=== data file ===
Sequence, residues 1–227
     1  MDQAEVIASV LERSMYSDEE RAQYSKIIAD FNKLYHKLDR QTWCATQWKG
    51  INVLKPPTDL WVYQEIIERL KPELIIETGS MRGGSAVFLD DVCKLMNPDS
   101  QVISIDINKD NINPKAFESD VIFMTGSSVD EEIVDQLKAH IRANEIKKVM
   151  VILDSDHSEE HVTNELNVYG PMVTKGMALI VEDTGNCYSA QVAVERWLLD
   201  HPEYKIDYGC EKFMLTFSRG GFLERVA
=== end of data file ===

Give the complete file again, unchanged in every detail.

Sequence, residues 1–227
     1  MDQAEVIASV LERSMYSDEE RAQYSKIIAD FNKLYHKLDR QTWCATQWKG
    51  INVLKPPTDL WVYQEIIERL KPELIIETGS MRGGSAVFLD DVCKLMNPDS
   101  QVISIDINKD NINPKAFESD VIFMTGSSVD EEIVDQLKAH IRANEIKKVM
   151  VILDSDHSEE HVTNELNVYG PMVTKGMALI VEDTGNCYSA QVAVERWLLD
   201  HPEYKIDYGC EKFMLTFSRG GFLERVA